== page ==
But I'm a girl, so enough about the Man Card.  There is a common concept amongst my friends about "Girl School."  That mysterious day in school when the boys were separated from the girls and they taught us all the feminine mysteries.  It was, in reality, quite disappointingly just an out-of-date film about bodily functions. 

In most references, we find ourselves lamenting that we missed a certain day in Girl School.  I, for one, missed the day where they taught the importance of matching your purse to your shoes.  I am a one-purse-at-a-time girl.  The current specimen is black, with lots of pockets, and enough room for the average paperback novel.  Stylish?  Not really.  I also missed the days on Haute Coture and Designer fashion.  I can't tell a Prada from a Coach from a Louis Vuitton, and I had to Google how to spell that last one.  I recently spent more than 2.5 seconds considering which shoes to wear with a certain outfit.  Not in a sophisticated "which style would look best and accentuate this ensemble to the fullest potential" kind of way.  In the "oh, do I wear black or brown?" kind of way.  I was shocked!  Color Coordination was one of my major areas of study in Girls School.  I only really dabbled in Application of Accessories, but I've taken several CE courses with qualified instructors* over the years.  Yet there I was, confused by the tan pants.  The only thing to do, once I realized I was wearing black accents and thus needed black shoes, was to go straight to the bathroom to reaffirm my girly-girl qualifications.  I was aces at make-up application and have worked hard to remain up to speed with trends and techniques.  I opened my ridiculous collection of colors and brushes, consulted my mental catalogue and pulled out a muted smokey eye suitable for day office wear with an understated, but flattering, red glossy lip.  I felt firmly feminine again.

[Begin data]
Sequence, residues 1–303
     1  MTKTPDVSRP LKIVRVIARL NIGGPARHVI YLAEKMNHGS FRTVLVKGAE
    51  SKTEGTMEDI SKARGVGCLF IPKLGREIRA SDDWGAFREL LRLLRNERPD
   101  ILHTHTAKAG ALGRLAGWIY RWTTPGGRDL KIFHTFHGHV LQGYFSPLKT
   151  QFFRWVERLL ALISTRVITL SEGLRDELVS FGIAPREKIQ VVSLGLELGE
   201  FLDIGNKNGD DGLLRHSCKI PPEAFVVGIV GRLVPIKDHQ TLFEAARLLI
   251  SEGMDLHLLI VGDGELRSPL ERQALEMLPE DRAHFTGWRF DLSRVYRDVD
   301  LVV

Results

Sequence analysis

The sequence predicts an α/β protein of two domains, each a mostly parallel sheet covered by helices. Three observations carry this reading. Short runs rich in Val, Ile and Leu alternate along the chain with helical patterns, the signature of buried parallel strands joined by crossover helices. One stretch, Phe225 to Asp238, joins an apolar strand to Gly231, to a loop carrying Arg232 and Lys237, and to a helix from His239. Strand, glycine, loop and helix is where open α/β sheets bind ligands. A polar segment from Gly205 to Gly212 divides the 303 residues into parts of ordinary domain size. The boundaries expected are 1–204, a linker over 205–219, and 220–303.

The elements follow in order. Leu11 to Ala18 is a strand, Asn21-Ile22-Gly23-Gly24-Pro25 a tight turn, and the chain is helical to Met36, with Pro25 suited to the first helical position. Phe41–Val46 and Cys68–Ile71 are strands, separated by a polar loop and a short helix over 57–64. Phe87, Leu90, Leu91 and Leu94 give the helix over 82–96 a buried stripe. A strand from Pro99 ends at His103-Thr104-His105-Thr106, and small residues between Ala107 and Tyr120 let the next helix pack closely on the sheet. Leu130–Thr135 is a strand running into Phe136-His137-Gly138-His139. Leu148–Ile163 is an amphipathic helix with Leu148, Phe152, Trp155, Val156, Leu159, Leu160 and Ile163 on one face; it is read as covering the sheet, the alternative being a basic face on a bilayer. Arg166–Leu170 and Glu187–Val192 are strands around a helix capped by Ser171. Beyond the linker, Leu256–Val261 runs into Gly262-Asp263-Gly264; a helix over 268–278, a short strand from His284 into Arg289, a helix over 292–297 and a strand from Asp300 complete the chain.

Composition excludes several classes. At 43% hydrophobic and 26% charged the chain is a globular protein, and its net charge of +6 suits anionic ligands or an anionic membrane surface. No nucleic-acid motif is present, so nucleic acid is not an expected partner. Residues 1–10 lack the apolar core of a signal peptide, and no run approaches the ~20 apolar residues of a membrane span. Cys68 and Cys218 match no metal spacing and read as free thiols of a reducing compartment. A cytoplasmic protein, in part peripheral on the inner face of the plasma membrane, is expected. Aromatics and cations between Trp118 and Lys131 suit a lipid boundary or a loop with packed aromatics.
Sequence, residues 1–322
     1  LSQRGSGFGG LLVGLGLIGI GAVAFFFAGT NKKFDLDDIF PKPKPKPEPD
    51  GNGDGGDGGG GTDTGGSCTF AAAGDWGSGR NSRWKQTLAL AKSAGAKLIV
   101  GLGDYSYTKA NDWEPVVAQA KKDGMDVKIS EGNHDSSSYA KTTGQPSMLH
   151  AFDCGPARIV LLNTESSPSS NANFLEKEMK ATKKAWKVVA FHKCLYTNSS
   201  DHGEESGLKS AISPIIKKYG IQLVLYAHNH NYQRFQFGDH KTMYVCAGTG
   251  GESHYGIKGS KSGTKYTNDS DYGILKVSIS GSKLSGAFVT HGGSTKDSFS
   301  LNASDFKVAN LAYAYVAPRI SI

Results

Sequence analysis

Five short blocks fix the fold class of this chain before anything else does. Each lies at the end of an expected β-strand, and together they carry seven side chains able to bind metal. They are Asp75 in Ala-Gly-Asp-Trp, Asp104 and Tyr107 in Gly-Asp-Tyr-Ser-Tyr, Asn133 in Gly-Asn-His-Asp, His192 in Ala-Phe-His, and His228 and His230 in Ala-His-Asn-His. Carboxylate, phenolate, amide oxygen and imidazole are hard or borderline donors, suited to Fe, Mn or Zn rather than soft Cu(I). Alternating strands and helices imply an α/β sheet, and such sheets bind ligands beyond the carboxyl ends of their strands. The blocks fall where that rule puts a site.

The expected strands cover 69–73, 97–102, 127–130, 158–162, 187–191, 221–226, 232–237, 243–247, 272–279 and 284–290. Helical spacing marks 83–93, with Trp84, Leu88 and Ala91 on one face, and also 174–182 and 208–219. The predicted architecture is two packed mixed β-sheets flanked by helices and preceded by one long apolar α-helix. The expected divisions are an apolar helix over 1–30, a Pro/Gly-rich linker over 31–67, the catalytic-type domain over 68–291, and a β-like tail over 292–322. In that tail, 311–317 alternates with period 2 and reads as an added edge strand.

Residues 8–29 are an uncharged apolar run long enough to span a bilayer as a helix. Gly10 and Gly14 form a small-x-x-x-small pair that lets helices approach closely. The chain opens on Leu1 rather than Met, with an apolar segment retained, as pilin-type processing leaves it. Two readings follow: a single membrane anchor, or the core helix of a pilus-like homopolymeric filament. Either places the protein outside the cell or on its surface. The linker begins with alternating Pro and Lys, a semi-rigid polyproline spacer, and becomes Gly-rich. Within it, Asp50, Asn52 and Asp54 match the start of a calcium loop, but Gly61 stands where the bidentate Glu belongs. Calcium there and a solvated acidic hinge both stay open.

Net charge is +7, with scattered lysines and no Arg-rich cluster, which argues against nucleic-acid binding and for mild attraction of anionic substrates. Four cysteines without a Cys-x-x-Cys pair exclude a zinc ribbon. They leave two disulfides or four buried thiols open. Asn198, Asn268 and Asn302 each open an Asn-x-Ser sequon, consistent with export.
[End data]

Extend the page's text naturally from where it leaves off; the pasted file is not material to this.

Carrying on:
There are lots of things that I missed in Girl School.  Sewing, Mending, and most forms of crafts involving needles, including knitting and crochet.  I scrapped by with a passing grade in Kitchen Witching, but have taken a few extra courses over the years that bring me up to snuff.  I couldn't pass Make Stuff Grow at all--not the Visual or Edible versions.  Arts and Crafts was a challenge--not because I lack the imagination or skill, but mostly because I lack the patience. I did pretty well at Freestyle Dance while failing quite miserably at most structured dances, due to an overabundance of enthusiasm paired with a devastating lack of coordination and discipline.  I did alright in Music, so long as the instrument is me, and not something else.  I'm currently working on my certification in Eyebrow Adjustments.  Storytelling, Make Believe, Dress Up, Shoulder to Cry On (and the follow up "Make Them Laugh Through the Tears), How to make a Hair Do out of the Contents of Your Purse--those I'm pretty good at.

I have, however, managed to surround myself with ladies who are good at all the things I am not.  Amazing cooks, bakers, hostesses, dancers, knitter, gardeners, seamstresses, milliners, skirt tuckers, eye-lash batters, save-the-world-with-a-bobby-pin-ers, and more.  If any of them happen to lack skills in Eye Make-Up Application, or Removable Jigga-Flern 101, I'm here to help.

Of course, The Art and Power of Being a Lady is so much more than fashion and accessories.  To sum up, a quote from that lovely book: "Being a lady is an attitude.  It's about being content with ourselves and confident in our abilities.  It's about feeling good and about looking good, too. But mainly it's about doing good."

So all the primping and preening and prepping goes into creating at atmostphere of confidence and joy.  We feel good, because we look good, and so we want to do more good for those around us.  We help our friends look and feel their best on their worst days.  We cook and craft gifts for holidays and Tuesdays and because we heard a song on the radio that reminded us of someone we love.  We lend hands and care for pets and plants when friends are out of town.  We entertain babies.  We loan out our husbands for heavy lifting and making of stuff with wood and glue and saws and nails.   Our hands are eager to help, however and wherever needed.